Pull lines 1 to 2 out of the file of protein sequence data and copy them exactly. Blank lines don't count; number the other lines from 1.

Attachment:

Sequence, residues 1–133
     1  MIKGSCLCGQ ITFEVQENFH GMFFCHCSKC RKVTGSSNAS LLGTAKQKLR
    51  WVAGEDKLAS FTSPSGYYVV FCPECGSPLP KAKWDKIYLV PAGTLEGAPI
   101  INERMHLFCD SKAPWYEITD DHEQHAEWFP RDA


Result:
Sequence, residues 1–133
     1  MIKGSCLCGQ ITFEVQENFH GMFFCHCSKC RKVTGSSNAS LLGTAKQKLR